Ocean County’s crime unit uses drones, cameras and anti-drone tech

TOMS RIVER, NJ – Since becoming Sheriff of Ocean County, former Toms River Police Chief Michael Mastronardy has vastly increased the use of technology within the county’s largest law enforcement agency.

One way Sheriff Mastronardy is keeping people safe is by keeping eyes in the sky, and eyes on the sky, and eyes on the ground.

Last night at a meeting in Jackson Township, Mastronardy boasted about the department’s fleet of ariel drones and video surveillance systems that rely on high-tech equipment that allows him to see everything that goes on in Ocean County, sometimes, before it even happens.

Mastronardy demonstrated how the department uses surveillance equipment, a fleet of drones, social media monitoring systems, and anti-drone technology to fight crime in Ocean County. He said his agency now also uses anti-drone technology.

“We have a system that allows us to take over other people’s drones and send them right back to them,” Mastronardy said about securing crime scenes and police operations. “We had a case where a guy had a drone come near where we were, and we sent it right back to him. He was confused. He thought his drone was broken. Our guys watched him with binoculars as his drone flew back to him.”

Mastronardy said the department now has two units capable of returning drones to their owners or even downing them if needed. He says drones flying over crime scenes puts officers in jeopardy.

“We don’t want anyone giving away our positions or letting the bad guys know where we are,” he said.

Mastronardy said his anti-drone technology is the only one employed in the United States by a non-federal agency east of the Mississippi River.

“We’re not really supposed to have them,” he said. “But now we have two.”

The Sheriff’s Department fleet of drones now has 16 surveillance drones, many of which are outfitted with high-resolution and thermal imaging cameras.

Unmanned aircraft equipped with these sensors have proven to be helpful in a variety of situations, including searching for a missing person in a wooded area or over water, fire ground applications, and event situational awareness.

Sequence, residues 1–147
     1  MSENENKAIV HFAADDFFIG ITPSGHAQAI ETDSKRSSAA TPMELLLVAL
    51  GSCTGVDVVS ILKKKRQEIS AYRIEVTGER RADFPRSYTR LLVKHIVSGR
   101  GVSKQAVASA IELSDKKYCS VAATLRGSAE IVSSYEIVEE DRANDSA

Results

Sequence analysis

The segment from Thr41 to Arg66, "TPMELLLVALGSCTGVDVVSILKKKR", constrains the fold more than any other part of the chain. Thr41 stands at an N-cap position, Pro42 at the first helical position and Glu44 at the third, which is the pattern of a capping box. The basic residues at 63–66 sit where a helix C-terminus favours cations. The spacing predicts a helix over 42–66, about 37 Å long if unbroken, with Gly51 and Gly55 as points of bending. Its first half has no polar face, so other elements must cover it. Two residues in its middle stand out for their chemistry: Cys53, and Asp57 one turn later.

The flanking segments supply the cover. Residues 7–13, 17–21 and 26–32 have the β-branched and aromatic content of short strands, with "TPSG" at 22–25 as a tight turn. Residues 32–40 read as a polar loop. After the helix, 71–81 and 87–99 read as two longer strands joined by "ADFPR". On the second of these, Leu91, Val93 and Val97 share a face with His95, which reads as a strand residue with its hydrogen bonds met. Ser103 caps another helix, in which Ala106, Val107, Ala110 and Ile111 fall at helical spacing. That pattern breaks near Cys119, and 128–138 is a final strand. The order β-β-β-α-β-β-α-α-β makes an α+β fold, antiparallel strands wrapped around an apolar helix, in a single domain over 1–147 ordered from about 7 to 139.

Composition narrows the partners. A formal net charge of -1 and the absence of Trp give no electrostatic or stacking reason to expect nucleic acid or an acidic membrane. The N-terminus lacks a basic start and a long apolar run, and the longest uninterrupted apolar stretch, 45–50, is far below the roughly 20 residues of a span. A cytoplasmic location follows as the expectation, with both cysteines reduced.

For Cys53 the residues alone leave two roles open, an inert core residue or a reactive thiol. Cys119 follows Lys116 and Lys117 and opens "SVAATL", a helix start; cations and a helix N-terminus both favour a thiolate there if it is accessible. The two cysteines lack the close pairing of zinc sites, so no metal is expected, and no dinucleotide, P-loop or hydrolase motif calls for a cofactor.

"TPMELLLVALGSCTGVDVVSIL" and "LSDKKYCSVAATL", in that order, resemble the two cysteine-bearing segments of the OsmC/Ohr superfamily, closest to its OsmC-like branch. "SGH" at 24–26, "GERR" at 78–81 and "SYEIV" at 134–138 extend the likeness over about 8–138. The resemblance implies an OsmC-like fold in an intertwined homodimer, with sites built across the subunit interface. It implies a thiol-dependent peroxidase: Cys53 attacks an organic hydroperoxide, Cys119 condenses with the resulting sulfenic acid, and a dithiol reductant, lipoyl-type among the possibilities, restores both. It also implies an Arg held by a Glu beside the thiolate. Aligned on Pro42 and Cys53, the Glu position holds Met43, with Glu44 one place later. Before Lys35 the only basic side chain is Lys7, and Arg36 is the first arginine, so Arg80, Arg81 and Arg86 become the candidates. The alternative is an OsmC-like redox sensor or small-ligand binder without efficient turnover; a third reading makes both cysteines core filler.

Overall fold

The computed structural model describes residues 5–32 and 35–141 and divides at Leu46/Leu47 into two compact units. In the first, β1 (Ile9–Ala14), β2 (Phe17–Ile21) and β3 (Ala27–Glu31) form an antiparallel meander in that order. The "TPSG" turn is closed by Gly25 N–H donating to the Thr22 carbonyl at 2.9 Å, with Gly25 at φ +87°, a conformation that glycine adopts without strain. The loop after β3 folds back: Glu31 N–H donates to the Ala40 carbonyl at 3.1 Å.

Mastronardy said the anti-drone units are useful in keeping the public safe. He said the department uses the drones to keep ordinary citizens from flying their drones around non-police situations such as events with large crowds.

“We had a situation at the beach where somebody’s drone fell out of the sky and injured a woman,” Mastronardy said. “She needed several stitches. It’s not just about that; who knows what people can drop from these drones so that we can keep them away. We have one in the south and one in the north now.”

When asked today about the legality of a non-federal agency utilizing anti-drone technology, Mastronardy refused to answer questions. According to the FAA, it is illegal for any non-federal agency to operate anti-drone technology. Mastronardy admitted during his presentation that the department has not received any federal authorization to operate anti-drone technology.

In 2020, the Department of Justice issued an advisory to non-federal law enforcement agencies about the legalities and illegalities of using anti-drone technology at the local level.

The Advisory was issued at a time when the commercial demand for UAS detection and mitigation was high, but the authority to use those capabilities is far from clear. 

“To date, Congress has given limited authority to only four federal Departments – Defense, Energy, Justice, and Homeland Security – to engage in UAS (Unmanned Aircraft Systems) detection and mitigation activities, notwithstanding certain otherwise potentially applicable federal criminal laws,” the DOJ said. “The Departments and Agencies issuing the Advisory do not have the authority to approve non-federal public and private use of UAS detection or mitigation capabilities, nor do they conduct legal reviews of commercially available products’ compliance with those laws.”

In addition to drones, Mastronardy routinely deploys “compliance control cameras” around the county. Many can be found in culturally sensitive areas, such as in neighborhoods with high Orthodox Jewish Populations, at busy intersections in places such as Seaside Heights, and for video surveillance of large gatherings and public events.

The mobile surveillance units are trailer mounted with four directional cameras on a retractable monopole.

Last year, the Sheriff’s Department entered into an agreement with CYTTA Corp to employ technology that allows the sheriff and his department to access video feeds from the surveillance trailers, surveillance drones, and other video sources such as traffic cameras, public security cameras from anywhere, even on his phone, while he’s sitting at home. That system allows the sheriff to assess real-time video streams during department operations.

Ocean County became the latest adopter of technology used by agencies like the FBI and Homeland Security called IGAN 2.0, Incent Global Area Network.

The county’s new IGAN 2.0 ICS integrates any available video and audio streams, drones, body cams, fixed cameras, cell phones, and other cameras in the department’s arsenal, enabling real-time situational awareness while providing relevant and detailed actionable intelligence to law enforcement on an ongoing basis.

“IGAN provides law enforcement officers with the data they need to make critical, on-scene decisions,” Mastronardy said. “It will become an indispensable technology that can protect and secure our communities. We look forward to implementing within our department and then connecting all public and private schools, and community organizations, further ensuring the safety and security of Ocean County.”

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